Lorentz transformations

  • Thread starter Orion1
  • Start date
969
2


What is the signifigance of the first derivative of the Lorentz transformation gamma function with respect to [tex]dv[/tex]?

What type of system does this derivative represent?

[tex]\gamma'(v) = \frac{d}{dv} \left( \frac{1}{\sqrt{1 - \left( \frac{v}{c} \right)^2}} \right) = \frac{v}{c^2 \left[ 1 - \left( \frac{v}{c} \right)^2 \right]^\frac{3}{2}}[/tex]

[tex]\boxed{\gamma'(v) = \frac{v}{c^2 \left[ 1 - \left( \frac{v}{c} \right)^2 \right]^\frac{3}{2}}}[/tex]
 
142
0
I don't see any usefulness for this particular derivative. Why do you ask?

[tex]\frac{d(1/\gamma)}{dv}[/tex]
might be meaningful. It represents the change of the time-velocity [itex]cd\tau/dt}=c/\gamma[/itex] (see e.g. Brian Greene's "The elegant universe") as a function of the change of the spatial velocity [itex]v[/itex]. The function is goniometric.
 
Last edited:
969
2
Reletive Relation...


[tex]\gamma'(v)^{-1} = \frac{d}{dv} \left( \frac{1}{\sqrt{1 - \left( \frac{v}{c} \right)^2}} \right)^{-1} = \frac{d}{dv} \left( \sqrt{1 - \left( \frac{v}{c} \right)} \right) = - \frac{v}{c^2 \sqrt{1 - \left( \frac{v}{c} \right)^2 }}[/tex]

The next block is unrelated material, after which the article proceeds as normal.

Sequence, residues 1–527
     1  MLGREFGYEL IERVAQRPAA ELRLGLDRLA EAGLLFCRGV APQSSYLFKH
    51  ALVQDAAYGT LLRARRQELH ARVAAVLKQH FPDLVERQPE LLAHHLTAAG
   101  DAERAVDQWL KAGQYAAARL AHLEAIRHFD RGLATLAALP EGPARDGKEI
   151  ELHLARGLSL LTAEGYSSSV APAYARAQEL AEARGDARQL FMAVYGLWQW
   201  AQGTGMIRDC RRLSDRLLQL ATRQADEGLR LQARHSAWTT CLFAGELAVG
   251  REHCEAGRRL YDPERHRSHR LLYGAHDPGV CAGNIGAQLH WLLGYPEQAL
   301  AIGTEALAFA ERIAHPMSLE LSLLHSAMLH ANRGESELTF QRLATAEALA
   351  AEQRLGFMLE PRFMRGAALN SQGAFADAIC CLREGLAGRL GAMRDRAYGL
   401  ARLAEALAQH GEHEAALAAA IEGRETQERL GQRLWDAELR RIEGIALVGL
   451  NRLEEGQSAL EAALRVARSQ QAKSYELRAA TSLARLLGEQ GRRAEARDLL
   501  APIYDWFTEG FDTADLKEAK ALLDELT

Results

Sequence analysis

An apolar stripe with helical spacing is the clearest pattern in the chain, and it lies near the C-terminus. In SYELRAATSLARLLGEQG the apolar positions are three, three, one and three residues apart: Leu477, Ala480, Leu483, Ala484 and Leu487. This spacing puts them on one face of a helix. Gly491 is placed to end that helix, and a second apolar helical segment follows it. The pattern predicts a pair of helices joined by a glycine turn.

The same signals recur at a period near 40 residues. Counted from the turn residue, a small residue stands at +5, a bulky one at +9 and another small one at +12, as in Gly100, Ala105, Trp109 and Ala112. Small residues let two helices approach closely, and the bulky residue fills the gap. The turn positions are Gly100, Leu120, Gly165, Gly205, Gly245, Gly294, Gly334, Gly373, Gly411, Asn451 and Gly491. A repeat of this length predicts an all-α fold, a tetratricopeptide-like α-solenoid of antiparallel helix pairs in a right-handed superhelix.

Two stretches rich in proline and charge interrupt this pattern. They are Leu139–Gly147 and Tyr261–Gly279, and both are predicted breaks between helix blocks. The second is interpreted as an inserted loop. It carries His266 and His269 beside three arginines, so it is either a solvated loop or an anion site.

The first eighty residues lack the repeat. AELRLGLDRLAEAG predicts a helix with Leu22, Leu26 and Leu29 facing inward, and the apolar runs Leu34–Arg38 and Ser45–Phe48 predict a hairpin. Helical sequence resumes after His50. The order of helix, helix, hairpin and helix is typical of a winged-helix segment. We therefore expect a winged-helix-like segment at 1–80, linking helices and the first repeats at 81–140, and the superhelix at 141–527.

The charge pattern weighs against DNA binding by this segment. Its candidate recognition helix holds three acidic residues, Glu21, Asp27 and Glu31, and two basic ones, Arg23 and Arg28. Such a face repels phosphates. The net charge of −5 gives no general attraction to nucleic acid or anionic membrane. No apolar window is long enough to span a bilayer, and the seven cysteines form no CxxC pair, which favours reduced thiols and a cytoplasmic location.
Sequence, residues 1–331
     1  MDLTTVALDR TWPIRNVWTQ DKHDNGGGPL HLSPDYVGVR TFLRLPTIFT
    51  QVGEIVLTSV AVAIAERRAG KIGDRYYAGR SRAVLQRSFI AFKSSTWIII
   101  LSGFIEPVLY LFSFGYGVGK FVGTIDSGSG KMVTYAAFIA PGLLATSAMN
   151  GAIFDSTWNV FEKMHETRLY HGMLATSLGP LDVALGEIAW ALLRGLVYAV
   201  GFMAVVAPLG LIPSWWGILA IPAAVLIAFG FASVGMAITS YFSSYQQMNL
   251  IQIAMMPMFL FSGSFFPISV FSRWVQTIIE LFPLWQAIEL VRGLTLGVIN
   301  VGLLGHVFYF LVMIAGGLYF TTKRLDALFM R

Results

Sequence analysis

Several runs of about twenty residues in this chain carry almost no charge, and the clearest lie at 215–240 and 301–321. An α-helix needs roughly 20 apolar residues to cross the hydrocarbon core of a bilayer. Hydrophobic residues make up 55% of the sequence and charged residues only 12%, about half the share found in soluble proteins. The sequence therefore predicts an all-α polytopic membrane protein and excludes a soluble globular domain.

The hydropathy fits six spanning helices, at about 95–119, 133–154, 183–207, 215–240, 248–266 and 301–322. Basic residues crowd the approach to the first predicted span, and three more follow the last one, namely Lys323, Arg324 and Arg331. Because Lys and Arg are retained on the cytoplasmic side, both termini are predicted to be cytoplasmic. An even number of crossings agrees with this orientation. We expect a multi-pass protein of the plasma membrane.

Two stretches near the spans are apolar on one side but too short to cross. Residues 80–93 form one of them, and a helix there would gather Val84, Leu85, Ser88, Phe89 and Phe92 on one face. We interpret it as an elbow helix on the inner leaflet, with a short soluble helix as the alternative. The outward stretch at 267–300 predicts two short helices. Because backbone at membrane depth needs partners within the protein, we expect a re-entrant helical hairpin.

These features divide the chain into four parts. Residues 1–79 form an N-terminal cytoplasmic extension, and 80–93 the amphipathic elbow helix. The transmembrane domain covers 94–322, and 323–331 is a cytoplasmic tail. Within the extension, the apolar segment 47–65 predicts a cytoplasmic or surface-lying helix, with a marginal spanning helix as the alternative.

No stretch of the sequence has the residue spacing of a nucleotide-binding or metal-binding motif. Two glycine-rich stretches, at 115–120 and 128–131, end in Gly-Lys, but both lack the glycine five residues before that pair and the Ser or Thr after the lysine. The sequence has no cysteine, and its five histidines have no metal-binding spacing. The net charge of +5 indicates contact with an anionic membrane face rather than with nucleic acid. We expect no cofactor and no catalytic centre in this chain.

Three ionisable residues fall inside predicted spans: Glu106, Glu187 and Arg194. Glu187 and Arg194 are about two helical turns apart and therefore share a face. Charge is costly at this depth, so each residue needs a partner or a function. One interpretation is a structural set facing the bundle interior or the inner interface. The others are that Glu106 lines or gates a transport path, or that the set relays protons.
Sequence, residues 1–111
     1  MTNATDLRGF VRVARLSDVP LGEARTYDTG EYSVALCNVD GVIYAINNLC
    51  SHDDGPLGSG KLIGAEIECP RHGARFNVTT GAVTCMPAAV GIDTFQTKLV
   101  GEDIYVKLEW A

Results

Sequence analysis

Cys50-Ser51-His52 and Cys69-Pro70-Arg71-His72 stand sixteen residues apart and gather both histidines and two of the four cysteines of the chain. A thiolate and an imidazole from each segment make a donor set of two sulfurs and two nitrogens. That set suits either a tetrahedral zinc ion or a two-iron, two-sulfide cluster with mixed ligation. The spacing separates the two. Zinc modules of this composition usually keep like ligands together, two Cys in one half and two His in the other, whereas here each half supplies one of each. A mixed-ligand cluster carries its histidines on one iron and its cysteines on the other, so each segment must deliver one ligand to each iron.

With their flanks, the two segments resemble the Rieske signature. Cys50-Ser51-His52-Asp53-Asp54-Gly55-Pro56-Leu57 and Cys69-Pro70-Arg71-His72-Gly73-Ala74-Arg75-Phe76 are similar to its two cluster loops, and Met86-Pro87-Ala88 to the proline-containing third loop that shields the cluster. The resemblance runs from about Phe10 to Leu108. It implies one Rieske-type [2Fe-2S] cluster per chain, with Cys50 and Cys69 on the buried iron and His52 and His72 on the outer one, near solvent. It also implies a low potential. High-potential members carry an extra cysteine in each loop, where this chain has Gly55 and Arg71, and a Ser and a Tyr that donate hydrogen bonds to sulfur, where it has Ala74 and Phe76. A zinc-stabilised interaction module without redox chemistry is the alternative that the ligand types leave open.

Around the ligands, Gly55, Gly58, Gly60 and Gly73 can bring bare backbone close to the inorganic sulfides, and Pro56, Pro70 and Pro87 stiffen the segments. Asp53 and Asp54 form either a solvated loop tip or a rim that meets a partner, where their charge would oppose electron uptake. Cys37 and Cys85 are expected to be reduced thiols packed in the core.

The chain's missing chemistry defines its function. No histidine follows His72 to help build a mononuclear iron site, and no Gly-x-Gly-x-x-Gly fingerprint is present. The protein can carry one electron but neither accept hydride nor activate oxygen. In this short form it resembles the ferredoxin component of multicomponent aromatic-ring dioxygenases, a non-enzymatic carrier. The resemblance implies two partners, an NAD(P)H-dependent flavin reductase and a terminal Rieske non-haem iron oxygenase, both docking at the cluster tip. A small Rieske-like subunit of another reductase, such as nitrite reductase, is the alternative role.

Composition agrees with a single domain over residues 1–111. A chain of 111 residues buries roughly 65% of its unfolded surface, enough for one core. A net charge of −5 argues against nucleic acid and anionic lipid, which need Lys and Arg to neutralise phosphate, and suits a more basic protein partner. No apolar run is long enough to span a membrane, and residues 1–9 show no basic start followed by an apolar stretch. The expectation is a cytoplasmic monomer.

[tex]\boxed{\gamma'(v)^{-1} = - \frac{v}{c^2 \sqrt{1 - \left( \frac{v}{c} \right)^2 }}}[/tex]

[tex]\gamma'(v)^{-1} = - \frac{v \gamma}{c^2} = - \frac{ds}{dt} \left( \frac{\gamma}{c^2} \right)[/tex]

[tex]\boxed{\gamma'(v)^{-1} = - \frac{ds}{dt} \left( \frac{\gamma}{c^2} \right)}[/tex]

Are these equation solutions correct?
 

Related Threads for: Lorentz transformations

Replies
1
Views
5K
  • Posted
Replies
10
Views
1K
  • Posted
Replies
6
Views
3K
  • Posted
Replies
7
Views
2K
  • Posted
Replies
2
Views
1K
  • Posted
Replies
5
Views
2K
  • Posted
Replies
4
Views
3K

Physics Forums Values

We Value Quality
• Topics based on mainstream science
• Proper English grammar and spelling
We Value Civility
• Positive and compassionate attitudes
• Patience while debating
We Value Productivity
• Disciplined to remain on-topic
• Recognition of own weaknesses
• Solo and co-op problem solving
Top